Paul Ferrara:

What an honor to add these legends into the Hall of Fame. Thank you, Kathleen and Ann, for your work and devotion to the field and to people who are blind and visually impaired. During another session, we discussed the effects COVID has had on services to students who are blind and visually impaired and reviewed the findings of a wide-ranging survey. Ohio State University Associate Professor, Dr. Tiffany Wild, read some of the feedback we received.

Dr. Tiffany Wild:

I think there is greater stress on the family system as well, simply because having a child with special needs is stressful. Even more. So if you're worried about developmental and educational regression and their medical vulnerability fragility, if they were to become infected with the virus.

Paul Ferrara:

We also heard some important words about how services to adults who are blind and visually impaired have been impacted throughout the pandemic. Supervisor of Training Services for the Nebraska Center of the Blind, Greg DeWall, shared this:

Greg DeWall:

Orientation and mobility of course is probably the hardest to adjust to. And I'll get back to that in a moment. But for our , our braille class, for example, that one was fairly simple. Um, you know, our, our braille teacher was able to connect with the students and via phone or via zoom , like many others are doing have the student read to her answer questions. The students would do their writing assignments. I would go to the apartments once a week, pick up the writing assignments and then bring them back to the braille instructor. So that one goes fairly easy. Uh, technology, of course, that was easy because you to do a lot of things remotely, you could sign into the computer , uh, work on things remotely. There was a big increase in technology skills, as Liz mentioned, because so quickly we had to get caught up with zoom and start doing things over zoom or over face time. Um , of course we used the conference lines a little bit as well, but most of what we did was over zoom, or over FaceTime or Skype, those types of , um , programs. Uh, home management, that, that one was a little, that one took a little bit of a working out. Um, one thing we did right away is we bought phone cradles or cell phone stands for all the apartments in our residential center and the home management instructor and I went into all the apartments and we experimented with different areas in the apartment that we could put the phone cradle to get the best view of what the student is doing. So that way we could continue with doing cooking lessons, cleaning lessons , um, you know, all those daily living skills activities. And as I said, we , we did it from finding the best view in the apartment where we could get a view of everything that the student would be doing and so that way home management and daily living skills were able to continue.

Paul Ferrara:

During our first general session, APH Museum’s Mike Hudson spoke about our 2-year journey to receiving AFB’s Helen Keller archives and what those archives and Helen Keller mean to APH and the world.

Mike Hudson:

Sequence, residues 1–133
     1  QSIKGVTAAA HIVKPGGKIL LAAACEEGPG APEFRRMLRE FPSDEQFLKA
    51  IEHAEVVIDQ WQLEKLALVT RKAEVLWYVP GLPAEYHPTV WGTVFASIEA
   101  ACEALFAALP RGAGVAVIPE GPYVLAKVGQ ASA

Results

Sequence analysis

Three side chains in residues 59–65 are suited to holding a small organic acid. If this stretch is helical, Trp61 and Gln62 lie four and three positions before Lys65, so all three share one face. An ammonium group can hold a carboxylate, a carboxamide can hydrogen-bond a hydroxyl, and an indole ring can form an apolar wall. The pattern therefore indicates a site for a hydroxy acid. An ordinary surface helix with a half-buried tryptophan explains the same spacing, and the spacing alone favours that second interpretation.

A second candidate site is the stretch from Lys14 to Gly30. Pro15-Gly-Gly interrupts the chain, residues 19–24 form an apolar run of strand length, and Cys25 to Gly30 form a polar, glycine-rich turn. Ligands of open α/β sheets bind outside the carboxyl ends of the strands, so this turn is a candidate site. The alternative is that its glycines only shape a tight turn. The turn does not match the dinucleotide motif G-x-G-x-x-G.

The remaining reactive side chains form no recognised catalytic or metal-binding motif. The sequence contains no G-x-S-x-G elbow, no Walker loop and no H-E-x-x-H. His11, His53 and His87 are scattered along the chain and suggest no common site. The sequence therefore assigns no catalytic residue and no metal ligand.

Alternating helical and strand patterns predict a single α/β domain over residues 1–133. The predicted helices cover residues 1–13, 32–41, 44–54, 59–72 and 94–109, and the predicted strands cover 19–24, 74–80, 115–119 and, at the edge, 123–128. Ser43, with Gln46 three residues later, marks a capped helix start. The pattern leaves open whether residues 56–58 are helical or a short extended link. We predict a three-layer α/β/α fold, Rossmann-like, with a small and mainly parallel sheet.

And make no mistake. The Helen Keller brand is incredibly valuable. Here's a rough way to understand how the Helen Keller brand compares to that of the American Printing House for the Blind. On Facebook, the APH site has 6,291 followers. The official Helen Keller Facebook page that AFB created has 107,000. That's a factor of 17. If you type an internet search in quotes for APH, you get 173,000 results. Type in Helen Keller and you get 9,820,000. That's a factor of 56. Now, often when visitors, especially school kids and their teachers arrive in the museum. They want to see our Helen Keller exhibit because they've been studying her at school. Before we had t wo artifacts. And when we were creating our collecting plan a few years ago, when we did our S WOT analysis, we acknowledged that AFB and in a smaller way, the Perkins School in Boston o wned the Helen Keller brand in such an absolute manner that it would be futile to even try to build our collection i f belonged to them. And that's all there was. And now it sits behind me here in our newly installed storage room, all of i t. So what are we talking about? What is the collection? I t's j ust the world's largest repository of letters, speeches, press clippings, scrapbooks photographs, architectural drawings, artifacts, and audio, visual materials related to Helen Keller numbering to about 41,581 items and held in roughly 310 record boxes. It includes her letters to, and from such notables as Alexander Graham bell, Pearl Buck, Mark Twain will Rogers, Eleanor Roosevelt, Franklin Roosevelt, Teddy Roosevelt, Margaret Sanger, Woodrow Wilson, and many, many others. It includes scripts and screenplays of films, television programs, plays, and radio programs starring or about Helen Keller. I t includes files about things named for her, including a Helen Keller Club, Helen Keller School, H elen Keller coin, Helen Keller day, Helen Keller Memorial fund, Helen Keller Memorial hospital, Helen Keller Memorial week, Helen Keller Rose, Helen Keller quilt, you get the idea. It includes drafts, manuscripts and correspondence resulting from her 11 books and countless articles and 475 speeches that Keller made between 1902 and 1961 on topics such as faith, rehabilitation, blindness prevention, birth control philosophy, and yes, atomic energy. It includes 10 boxes of press clippings. It includes architectural plans of her homes over 2000 separate photographs, 23 photo albums, 25 audio recordings and three films. It includes 250 artifacts, including sculptures of her hands paintings, gifts from dignitaries all over the world and boards. And something that I just found the other day, which I just found amazing. And, u h, u h, in the collection, u h, is a number of books, hundreds of them actually from Helen's personal library. And there a re some s urvivors in there that are quite interesting. This is a copy of a book of poetry called Darkwater. I'm not sure if you can see that or not in the light here, Darkwater, by the, u h, u m, civil rights activist, W. E. B. Du Bois. And when you o pen the book up inscribed carefully on the inside, it says in both print and braille, very sincerely yours, W. E. B. Du Bois. 16, April, 1925. I have known you unknown since 1890. I have known you unknown since 1890. I found that incredibly romantic. U m, here's this very interesting gentlemen, very h istoric figure. U m, u h, who in his mind had known Helen even since she was a little kid, her story had inspired him.